Yes, but — you'll stand a better chance of success and find it easier to get work if you do it full time.
Couriers seem to be regarded as easy targets for the scam merchants.
They generally pretend to be agencies or 'clearing houses' — they offer to get work from customers and farm it out to owner drivers.
Some of the recent scams have these features:
- you have to pay a weekly or monthly amount by standing order to be on their books
- you have to fill in an application form and provide references which you get charged for
- they offer an hourly rate instead of loaded mile rates
- the promised pay is unrealistically high
- they offer 'shifts' with set hours
- they say they have lots of big customers who are crying out for couriers
- they use a 'virtual office' address
- they have an 0871 or 0870 contact number
- they use a premium-rate short text number
- they use 'specialist courier' in their blurb
some posts about this topic...
information on other sites
You can use a car, and there are different opinions, but most codforum members agree you'll find it easier to get work with a van. It's more flexible than a car and people will take you more seriously.
should you buy or rent a vehicle? what are the pros and cons? see what some of our members say
whats is the best van to get, a small one, big one?
Should i become a courier owner driver?
If you read nothing else, read these threads
People often ask whether these logistics billboards are worth joining.
Billboards are places for couriers to advertise loads and empty vans. You won't get enough work from them to keep you busy, but you might get enough to cover the subscription cost. They are good places to network and get to know other couriers, which helps keep the work coming in. They will not help you build up your own customer base.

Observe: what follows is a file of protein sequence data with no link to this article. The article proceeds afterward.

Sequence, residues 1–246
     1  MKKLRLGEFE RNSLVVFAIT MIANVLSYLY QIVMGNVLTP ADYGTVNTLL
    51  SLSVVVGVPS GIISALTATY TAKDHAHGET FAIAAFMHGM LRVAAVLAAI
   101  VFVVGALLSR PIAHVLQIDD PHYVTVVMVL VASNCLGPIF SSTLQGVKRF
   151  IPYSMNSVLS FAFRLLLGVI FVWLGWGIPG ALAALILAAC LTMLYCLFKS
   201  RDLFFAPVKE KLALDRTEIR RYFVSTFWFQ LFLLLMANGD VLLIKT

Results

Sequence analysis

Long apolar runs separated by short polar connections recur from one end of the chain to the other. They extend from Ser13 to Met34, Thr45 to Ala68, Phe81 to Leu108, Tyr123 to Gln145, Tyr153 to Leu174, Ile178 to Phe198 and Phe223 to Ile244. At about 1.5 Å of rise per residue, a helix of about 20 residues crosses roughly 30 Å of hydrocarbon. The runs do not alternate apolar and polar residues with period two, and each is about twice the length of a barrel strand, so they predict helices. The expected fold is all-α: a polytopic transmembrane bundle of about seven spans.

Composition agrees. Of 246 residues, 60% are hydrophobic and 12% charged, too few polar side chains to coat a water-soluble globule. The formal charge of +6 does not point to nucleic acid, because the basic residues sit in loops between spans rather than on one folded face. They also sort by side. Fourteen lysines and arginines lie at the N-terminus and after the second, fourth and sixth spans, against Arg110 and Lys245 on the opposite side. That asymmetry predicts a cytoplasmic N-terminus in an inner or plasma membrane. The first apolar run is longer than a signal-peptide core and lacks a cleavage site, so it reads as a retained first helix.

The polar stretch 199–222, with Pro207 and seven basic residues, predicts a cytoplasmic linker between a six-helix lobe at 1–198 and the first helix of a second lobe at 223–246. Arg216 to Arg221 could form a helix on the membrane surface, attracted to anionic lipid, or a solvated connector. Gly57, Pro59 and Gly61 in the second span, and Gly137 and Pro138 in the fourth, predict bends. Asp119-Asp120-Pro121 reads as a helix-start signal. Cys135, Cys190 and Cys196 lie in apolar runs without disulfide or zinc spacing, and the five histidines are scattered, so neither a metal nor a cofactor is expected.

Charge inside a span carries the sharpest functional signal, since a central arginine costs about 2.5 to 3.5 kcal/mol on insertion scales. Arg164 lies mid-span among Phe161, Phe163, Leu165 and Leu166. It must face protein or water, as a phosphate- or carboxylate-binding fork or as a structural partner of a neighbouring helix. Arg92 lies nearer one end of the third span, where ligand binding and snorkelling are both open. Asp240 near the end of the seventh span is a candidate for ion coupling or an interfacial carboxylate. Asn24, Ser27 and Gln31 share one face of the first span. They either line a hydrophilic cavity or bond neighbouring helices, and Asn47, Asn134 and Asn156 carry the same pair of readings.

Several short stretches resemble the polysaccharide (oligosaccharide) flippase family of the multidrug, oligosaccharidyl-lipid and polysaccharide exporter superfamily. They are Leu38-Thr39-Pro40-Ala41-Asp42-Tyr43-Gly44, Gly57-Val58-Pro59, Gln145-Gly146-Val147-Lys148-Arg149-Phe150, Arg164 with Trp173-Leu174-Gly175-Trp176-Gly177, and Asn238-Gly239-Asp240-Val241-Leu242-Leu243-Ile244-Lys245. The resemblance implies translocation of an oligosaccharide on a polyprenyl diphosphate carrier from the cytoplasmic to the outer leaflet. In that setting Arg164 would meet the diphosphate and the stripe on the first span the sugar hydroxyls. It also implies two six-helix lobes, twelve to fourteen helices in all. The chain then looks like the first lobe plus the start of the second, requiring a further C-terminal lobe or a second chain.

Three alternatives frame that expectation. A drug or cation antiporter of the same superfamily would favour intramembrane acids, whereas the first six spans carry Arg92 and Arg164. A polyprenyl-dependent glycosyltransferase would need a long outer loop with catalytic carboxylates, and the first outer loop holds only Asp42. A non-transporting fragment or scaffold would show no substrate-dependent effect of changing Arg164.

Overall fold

How do i become a courier owner driver?
This is a difficult one. You may wish to avoid the problems associated with dealing directly with the end user or you may wish to hit it head on and find your own customers to deal with.
You will find all you need to know right here on codforum but to start with try these below
There are two sets of rates — one for your own customers and another for 'trade' when you're subbing. And you'll probably use a different rate for backloads and part loads. And the rates you can charge are different in different parts of the country.
Most people charge a rate of so many pence per loaded mile (pplm), and the rate will depend mostly on the size of vehicle. You'll have to work out your rates as part of your business plan, but some of the topics here will give you an idea of where to start.
Well, you won't be earning £250 a day, and for the first couple of months you might not get anything at all. After a while you might have a turnover of £400 to £700 a week, before taking out your costs — van, fuel, insurances, phone, subs, etc.
Start by reading all the topics on all the codforum forums!
There are three types of insurance you should have:
- van insurance to cover you to use your van to carry goods for 'hire and reward' — this can be courier insurance or light haulage insurance depending on the type of work you do. this type of insurance, often called road risks insurance is a legal requirement.
- goods in transit (GIT) insurance to cover the goods you are carrying. this is not a legal requirement but often required by businesses you do work for
You should also have public liability insurance, but you probably don't need employer's liability.
The price for most jobs is worked out on the loaded mileage, so we have to have a way to quickly work out mileages between two points, so we can quote while the customer is on the phone. You can tell the customer you will ring back, then use satnav or multimap to work it out, but they could have given the job to somebody else in that time.
codforum members have come up with some quick and simple ways to do it, which are described in the posts below.